Since this discussion keeps coming again and again, adding this thread:
Past disucssions (please add):
[Rushabh Mehta] On education, again to clarify my position. I think everyone should do things they are believe in rather than do it for the sake of society or others. Most of education is just blindly following what others are doing without really thinking about the value of it and most of education turns out to be utterly useless (the “degrees” though have value in society). I am not saying there is a “right path”, just that the given path may not be right. Go to college, or don’t. Be the master of that decision.
[Rushabh Mehta] Same with work. Do something that is a labour of love. Don’t just work for money. Work because you find meaning in what you do. Don’t compromise. I assume most people in this group have the ability to find this kind of work. I am not talking about people for whom survival is the primary concern
[Akshay Dinesh] Well, are you thinking about the consequences of this worldview? Are you thinking about the irony in talking about “choose a job that makes you happy” when people do not have access to healthcare, money, free time, when people are constantly facing discrimination, etc?
[Kailash Nadh] “Do what you makes you happy” really only applies to the top, privileged strata. If yo end up being born in an impoverished and underprivileged environment, there’s no “choice”. You exist and subsist on whatever is available. Few can break out of that. Then there’s the whole caste system also on top of the economic system. I think it’s a very privileged statement to make…
[Nilesh Trivedi] “Don’t you dare encourage someone to drop out of college. That is not your kid. If that thought is entering your mind, you call their parents. Let students be students. Let the young adults have their young adulthood. As their parents, it’s scary as a hell to have an adult preying on that underdeveloped prefrontal cortex.”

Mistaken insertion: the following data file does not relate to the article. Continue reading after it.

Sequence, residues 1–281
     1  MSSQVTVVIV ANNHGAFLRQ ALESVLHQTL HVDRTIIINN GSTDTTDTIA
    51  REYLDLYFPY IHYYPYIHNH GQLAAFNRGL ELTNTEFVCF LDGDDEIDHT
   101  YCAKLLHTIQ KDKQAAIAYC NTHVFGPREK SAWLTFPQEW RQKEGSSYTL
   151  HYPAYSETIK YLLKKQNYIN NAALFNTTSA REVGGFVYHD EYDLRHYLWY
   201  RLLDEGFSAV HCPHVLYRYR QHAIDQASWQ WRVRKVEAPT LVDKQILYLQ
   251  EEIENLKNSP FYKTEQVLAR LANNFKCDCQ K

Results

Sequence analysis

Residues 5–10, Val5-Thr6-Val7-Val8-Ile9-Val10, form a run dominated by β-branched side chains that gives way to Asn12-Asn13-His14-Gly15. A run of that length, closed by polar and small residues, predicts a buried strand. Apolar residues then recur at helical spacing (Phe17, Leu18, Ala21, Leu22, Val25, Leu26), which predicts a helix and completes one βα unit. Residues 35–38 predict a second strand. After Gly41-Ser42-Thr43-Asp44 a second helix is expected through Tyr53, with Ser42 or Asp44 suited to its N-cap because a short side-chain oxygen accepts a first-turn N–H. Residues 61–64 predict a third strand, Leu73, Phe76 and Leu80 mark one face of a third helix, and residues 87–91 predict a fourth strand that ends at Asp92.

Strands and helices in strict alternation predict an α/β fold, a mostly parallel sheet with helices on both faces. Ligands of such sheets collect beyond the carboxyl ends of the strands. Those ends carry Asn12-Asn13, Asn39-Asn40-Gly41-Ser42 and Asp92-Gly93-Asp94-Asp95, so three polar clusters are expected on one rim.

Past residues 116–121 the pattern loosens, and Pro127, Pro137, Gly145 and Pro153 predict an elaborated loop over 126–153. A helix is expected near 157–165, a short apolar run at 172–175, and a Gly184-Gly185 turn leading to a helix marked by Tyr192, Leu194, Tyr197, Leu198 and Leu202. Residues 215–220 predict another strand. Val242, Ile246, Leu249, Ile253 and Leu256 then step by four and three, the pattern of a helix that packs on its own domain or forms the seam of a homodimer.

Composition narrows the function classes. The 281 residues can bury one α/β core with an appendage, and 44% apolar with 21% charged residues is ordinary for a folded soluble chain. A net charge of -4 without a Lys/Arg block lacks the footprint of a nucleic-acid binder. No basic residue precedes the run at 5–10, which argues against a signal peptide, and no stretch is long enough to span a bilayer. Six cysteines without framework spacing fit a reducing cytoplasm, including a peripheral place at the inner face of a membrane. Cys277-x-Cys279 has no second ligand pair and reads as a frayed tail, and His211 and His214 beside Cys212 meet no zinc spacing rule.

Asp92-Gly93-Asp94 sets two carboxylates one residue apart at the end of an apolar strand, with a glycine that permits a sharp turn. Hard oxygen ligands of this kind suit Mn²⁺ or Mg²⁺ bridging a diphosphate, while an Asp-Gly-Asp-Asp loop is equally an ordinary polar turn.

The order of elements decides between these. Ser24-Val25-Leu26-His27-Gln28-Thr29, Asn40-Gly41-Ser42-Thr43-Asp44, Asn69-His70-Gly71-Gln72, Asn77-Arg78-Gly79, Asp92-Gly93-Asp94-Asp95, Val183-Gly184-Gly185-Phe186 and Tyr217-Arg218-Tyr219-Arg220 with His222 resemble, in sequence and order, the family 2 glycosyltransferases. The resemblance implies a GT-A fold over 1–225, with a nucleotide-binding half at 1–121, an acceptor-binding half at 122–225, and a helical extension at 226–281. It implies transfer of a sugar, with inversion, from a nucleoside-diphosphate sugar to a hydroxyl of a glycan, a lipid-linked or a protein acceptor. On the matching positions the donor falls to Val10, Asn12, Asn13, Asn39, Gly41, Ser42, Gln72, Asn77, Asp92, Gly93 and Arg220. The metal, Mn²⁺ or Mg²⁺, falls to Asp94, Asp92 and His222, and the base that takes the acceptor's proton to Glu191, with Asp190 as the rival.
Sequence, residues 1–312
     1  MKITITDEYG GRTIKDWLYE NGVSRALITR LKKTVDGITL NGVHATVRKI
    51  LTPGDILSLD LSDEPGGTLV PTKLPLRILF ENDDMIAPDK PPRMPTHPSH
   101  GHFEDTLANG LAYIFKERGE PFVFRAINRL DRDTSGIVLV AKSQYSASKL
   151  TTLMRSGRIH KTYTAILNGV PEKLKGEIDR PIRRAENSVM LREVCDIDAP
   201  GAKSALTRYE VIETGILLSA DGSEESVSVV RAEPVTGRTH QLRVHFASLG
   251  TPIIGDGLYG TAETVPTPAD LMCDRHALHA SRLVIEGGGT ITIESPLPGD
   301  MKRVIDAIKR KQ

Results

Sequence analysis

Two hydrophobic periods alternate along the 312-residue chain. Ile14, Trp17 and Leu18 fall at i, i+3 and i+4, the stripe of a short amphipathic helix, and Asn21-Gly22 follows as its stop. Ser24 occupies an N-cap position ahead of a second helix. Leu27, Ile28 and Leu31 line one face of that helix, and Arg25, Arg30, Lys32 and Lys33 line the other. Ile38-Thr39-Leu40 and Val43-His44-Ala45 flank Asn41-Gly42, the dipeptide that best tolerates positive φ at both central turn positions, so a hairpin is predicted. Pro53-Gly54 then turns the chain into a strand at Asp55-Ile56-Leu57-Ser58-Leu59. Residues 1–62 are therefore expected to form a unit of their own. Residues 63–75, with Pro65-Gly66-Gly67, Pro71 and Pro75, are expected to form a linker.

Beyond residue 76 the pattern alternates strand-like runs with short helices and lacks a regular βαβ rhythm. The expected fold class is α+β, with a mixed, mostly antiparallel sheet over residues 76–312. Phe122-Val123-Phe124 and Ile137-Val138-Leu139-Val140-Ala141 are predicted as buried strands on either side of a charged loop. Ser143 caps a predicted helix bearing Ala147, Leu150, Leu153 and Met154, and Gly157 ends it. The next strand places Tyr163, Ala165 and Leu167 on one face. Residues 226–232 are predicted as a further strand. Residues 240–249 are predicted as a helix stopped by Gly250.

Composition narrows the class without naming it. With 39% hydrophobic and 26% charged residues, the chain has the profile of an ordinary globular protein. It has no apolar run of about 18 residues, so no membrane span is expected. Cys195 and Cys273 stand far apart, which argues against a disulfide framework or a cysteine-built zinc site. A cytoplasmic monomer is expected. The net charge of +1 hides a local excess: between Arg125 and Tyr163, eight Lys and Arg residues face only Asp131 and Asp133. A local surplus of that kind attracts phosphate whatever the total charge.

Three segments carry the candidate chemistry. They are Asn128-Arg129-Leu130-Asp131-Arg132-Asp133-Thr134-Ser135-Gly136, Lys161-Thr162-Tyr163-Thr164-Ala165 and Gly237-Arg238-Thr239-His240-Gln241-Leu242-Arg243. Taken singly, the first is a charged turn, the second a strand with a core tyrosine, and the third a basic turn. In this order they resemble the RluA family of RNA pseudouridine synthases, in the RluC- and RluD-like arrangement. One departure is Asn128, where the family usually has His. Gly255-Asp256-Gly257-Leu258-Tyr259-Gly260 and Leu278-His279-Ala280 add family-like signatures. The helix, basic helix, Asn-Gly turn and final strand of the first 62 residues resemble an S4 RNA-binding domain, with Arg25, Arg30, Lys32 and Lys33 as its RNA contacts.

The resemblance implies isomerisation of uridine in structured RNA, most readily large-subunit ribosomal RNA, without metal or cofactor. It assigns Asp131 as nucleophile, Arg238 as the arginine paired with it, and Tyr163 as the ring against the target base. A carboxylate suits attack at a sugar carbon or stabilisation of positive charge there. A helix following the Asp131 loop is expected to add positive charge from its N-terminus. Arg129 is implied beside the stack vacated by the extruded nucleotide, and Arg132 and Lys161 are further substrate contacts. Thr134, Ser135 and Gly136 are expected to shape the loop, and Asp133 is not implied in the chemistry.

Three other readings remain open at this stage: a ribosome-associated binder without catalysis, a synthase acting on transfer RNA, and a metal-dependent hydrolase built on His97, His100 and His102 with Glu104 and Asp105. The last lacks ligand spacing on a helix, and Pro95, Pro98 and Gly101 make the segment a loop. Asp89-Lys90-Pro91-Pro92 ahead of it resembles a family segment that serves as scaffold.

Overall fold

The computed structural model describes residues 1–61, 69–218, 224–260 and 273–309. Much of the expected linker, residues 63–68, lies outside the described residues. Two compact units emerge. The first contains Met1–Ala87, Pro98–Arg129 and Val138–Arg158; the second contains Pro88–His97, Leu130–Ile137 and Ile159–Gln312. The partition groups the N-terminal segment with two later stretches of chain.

“This narrow argument that dropping out of college and focusing on interests like coding, design, and other IT related fields is practically possible with internet connection and free time and English language – that’s an argument I can agree with” ~source
I don’t know if it’s really worth it as I’m still studying in the college, but there’s something which concerns me is how wrong they teach computer science or engineering in the classroom. Well, one might choose computer science/engineering to learn better in person. There are always ample amount of resources on in the internet, but in-person listening and learning from someone might work for the most. But it’s not happening right.
College education might be worth, if the teacher is the one with good skills. Personal suggestion teacher’s in college should start suggesting their students to think ootb and learn ootb and maintain their college studies at the same time. IDK bout other college’s but atleast in my college we are taught languages just to past cuz they think having good grades is gonna get them a decent job. Honestly speaking, for me I don’t feel college education is being worth in the diploma stage (engineering might be in the near future but hoping it won’t).
Also, the narrow minded approach - Mangesh's Blog check out the last section of Thoughts.
Just to present a flippant analogy, what are we to conclude from the fact that every married couple seems to have fights and there is a lot of unhappiness in marriages? So would a question like “Is marriage worth it?” make sense at all? Not that we do not have opinions or cannot answer yes or no. It’s just that trying to answer a question framed narrowly in that fashion is a waste of time.
Coming back to education, there are too many unstated assumptions behind questions like this. Examples:
• College education should lead to a “good job” or financial success generally. If it does not “it is not worth it”.
• Most colleges are of poor quality; so college education is not worth it.
• Everyone has a choice. Every student has the ability to decide. They can choose to go or not to go to college.
• Do what makes you happy. (the worst one of all, if I may say so.)
Once we loosen or acknowledge such assumptions, we can frame the questions differently. In my view, we then have to acknowledge that the issue is more complex, and the questions have to be much better if we want decent arguments or answers.
Poorly framed questions do lead to better framed questions eventually leading to good insights. So, I think it is okay to start with one. I think a slightly better framing would be, “In the age of internet, with many people starting programming, etc before even finishing schooling, does one need to spend time going to a not so great college or are there better things one can do in the same time to gain the same amount of life experience (if not more) in the same time.”